Salvias – a mainstay of a summer-autumn subtropical flower garden

Amongst my favourite ‘collections’ are the salvias which create the backdrop of the cottage garden – both in the sun and in semi shaded positions. These account for approximately a quarter of what is in flower at any time for me. The variety in salvias is endless, and with that comes plants suitable for almost every climate zone, so while I have sadly not been able to grow some that I would dearly have loved too, this is more than made up for by the huge number of salvias I can grow. While these are the mass of blooms that fill so many spaces, particularly the sunnier spots, there are some of the larger salvias that burst forth at different times of the year and become real show stoppers – ones like the rosebud salvia, Salvia involucrata.

Ruellia

Ruellia elegans

Approximately another quarter of all my flowering plants are members of the Acanthaceae family. This includes Justicia, Barleria, Ruellia, Strobilanthes and the very dramatic Brillantaisia and Brazilian red cloak (Megaskepasma). This family is largely tropical and sub-tropical of origin but most will grow as far south as Sydney at least. Many of this group flower particularly well in shady spots thereby allowing me to continue the cottage style into a very shady garden. Unfortunately this family of plants has not been extensively bred for gardens and so can be hard to find in nurseries, which is a big shame.

Pseuderanthermum alatum, chocolate plant

Pseuderanthermum alatum, chocolate plant

There are plenty of other tropical and even native plants which will also flower in the shade and a couple of favourites in that regard are the tropical blue ginger (Dichorisandra thrysiflora), and the native cats whiskers (Orthosiphon aristatus).

Blue ginger - Dichorisandra

Blue ginger – Dichorisandra thrysiflora

Blue ginger is a very easy care plant which thrives in dry shady spots. It has large fleshy nodules on the roots which make it fairly hardy through dry times as well, although it won’t flourish when things are very dry – a good drink every so often will make a big difference. In Autumn the bright purple blue flowers make a dramatic show and are popular with both blue banded bees (Amegilla cingulate, which prefer flowers which are blue or purple), and the large teddy bear bee (Amegilla bombiformis). The plant will sucker to form a clump but is not invasive. Pruning will also result in bushier growth and cuttings strike readily. Not actually a ginger at all, this is an old fashioned plant that is finding new favour in frost free gardens.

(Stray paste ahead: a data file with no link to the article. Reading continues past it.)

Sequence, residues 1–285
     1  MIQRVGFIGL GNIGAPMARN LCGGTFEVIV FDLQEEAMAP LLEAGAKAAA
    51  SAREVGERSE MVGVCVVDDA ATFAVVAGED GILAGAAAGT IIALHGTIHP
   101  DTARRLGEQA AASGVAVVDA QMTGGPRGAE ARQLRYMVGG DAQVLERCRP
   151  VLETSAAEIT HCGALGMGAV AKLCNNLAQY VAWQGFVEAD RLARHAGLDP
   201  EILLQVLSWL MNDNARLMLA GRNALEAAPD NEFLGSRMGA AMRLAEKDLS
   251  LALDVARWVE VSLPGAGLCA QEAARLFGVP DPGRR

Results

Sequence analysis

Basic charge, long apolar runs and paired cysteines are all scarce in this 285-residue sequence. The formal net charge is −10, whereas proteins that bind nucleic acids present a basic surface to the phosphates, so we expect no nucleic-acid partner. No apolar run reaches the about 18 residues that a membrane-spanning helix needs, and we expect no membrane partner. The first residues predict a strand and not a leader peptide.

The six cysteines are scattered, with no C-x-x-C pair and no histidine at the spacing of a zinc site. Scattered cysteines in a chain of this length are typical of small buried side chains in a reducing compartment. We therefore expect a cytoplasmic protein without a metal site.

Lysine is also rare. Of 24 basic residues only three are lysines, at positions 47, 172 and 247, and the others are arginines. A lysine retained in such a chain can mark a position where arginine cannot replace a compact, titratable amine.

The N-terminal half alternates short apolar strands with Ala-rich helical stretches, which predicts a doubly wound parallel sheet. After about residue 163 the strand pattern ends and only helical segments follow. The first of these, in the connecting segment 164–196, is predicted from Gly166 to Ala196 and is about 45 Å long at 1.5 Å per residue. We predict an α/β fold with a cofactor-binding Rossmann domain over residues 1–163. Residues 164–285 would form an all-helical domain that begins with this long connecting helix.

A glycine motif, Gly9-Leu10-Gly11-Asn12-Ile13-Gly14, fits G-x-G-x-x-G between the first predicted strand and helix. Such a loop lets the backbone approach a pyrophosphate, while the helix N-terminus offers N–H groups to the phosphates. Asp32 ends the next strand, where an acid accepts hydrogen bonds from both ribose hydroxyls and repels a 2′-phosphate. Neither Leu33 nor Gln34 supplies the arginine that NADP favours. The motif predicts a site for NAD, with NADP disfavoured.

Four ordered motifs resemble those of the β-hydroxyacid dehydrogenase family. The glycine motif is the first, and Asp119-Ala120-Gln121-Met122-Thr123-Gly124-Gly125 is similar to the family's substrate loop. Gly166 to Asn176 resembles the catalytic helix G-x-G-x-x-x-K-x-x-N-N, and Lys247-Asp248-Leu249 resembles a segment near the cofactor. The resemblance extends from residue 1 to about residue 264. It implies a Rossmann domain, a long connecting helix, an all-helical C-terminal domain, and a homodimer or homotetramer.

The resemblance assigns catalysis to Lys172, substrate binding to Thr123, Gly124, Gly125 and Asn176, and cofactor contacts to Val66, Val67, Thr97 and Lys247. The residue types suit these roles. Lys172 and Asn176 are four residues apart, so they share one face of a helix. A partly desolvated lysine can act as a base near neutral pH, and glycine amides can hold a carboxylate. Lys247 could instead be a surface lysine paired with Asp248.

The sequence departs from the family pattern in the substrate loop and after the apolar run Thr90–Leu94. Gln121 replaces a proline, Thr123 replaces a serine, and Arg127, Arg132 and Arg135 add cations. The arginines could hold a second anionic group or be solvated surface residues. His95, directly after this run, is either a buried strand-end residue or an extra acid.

Orthosiphon aristatus - cats whiskers in the morning sun

Orthosiphon aristatus – cats whiskers in the morning sun

Cats whiskers is also a very easy care plant, and much loved by both bees and butterflies. This rainforest understory plant is native from Queensland through to Indonesia. It flowers abundantly in autumn and through winter with white flowers which resemble cats’ whiskers. It flowers equally well in full sun and in full shade, and the white flowers really brighten dull areas. It can get woody so a hard prune annually helps keep it in shape and bushy growth means more flowers. It is tough and can survive hot sun and dry soil, but will do better with some shade and moisture.

With the rise in popularity of cottage gardening, it is wonderful to see some of these old fashioned plants being sold in nurseries again, and in the case of these two, you won’t just get flowers, you will also get delightful pollinators in the form of bees and butterflies.

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Kate Wall

About Kate Wall

Kate has gardened since she was a child. Gardening as a profession came almost by accident - after volunteering to rescue flooded gardens and working in over 100 gardens, she felt her trial by flood had directed her to her true calling, and she has gardened professionally ever since. Kate is primary care giver to approximately 20 gardens concurrently (including her own), in addition to consulting, garden makeovers and creating new gardens. She lives and works in Brisbane, Queensland, and is passionate about gardening to suit our sub-tropical climate.